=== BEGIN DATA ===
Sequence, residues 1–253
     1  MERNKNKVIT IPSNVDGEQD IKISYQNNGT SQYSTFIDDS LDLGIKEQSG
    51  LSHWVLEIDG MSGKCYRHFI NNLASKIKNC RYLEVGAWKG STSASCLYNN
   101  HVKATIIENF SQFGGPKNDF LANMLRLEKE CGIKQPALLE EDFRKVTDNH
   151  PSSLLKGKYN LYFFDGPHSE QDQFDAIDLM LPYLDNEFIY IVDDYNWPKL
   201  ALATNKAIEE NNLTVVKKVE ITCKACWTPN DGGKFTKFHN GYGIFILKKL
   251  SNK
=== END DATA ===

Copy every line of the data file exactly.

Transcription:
Sequence, residues 1–253
     1  MERNKNKVIT IPSNVDGEQD IKISYQNNGT SQYSTFIDDS LDLGIKEQSG
    51  LSHWVLEIDG MSGKCYRHFI NNLASKIKNC RYLEVGAWKG STSASCLYNN
   101  HVKATIIENF SQFGGPKNDF LANMLRLEKE CGIKQPALLE EDFRKVTDNH
   151  PSSLLKGKYN LYFFDGPHSE QDQFDAIDLM LPYLDNEFIY IVDDYNWPKL
   201  ALATNKAIEE NNLTVVKKVE ITCKACWTPN DGGKFTKFHN GYGIFILKKL
   251  SNK